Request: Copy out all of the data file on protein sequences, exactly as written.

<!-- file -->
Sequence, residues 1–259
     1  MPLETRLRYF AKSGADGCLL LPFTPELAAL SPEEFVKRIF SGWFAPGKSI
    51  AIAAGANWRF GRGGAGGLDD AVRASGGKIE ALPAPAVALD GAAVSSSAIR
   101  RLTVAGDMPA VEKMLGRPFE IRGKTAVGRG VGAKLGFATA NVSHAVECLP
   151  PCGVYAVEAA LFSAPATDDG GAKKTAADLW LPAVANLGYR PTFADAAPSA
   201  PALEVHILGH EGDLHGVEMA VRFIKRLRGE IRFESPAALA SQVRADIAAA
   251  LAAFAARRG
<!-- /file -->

Sequence, residues 1–259
     1  MPLETRLRYF AKSGADGCLL LPFTPELAAL SPEEFVKRIF SGWFAPGKSI
    51  AIAAGANWRF GRGGAGGLDD AVRASGGKIE ALPAPAVALD GAAVSSSAIR
   101  RLTVAGDMPA VEKMLGRPFE IRGKTAVGRG VGAKLGFATA NVSHAVECLP
   151  PCGVYAVEAA LFSAPATDDG GAKKTAADLW LPAVANLGYR PTFADAAPSA
   201  PALEVHILGH EGDLHGVEMA VRFIKRLRGE IRFESPAALA SQVRADIAAA
   251  LAAFAARRG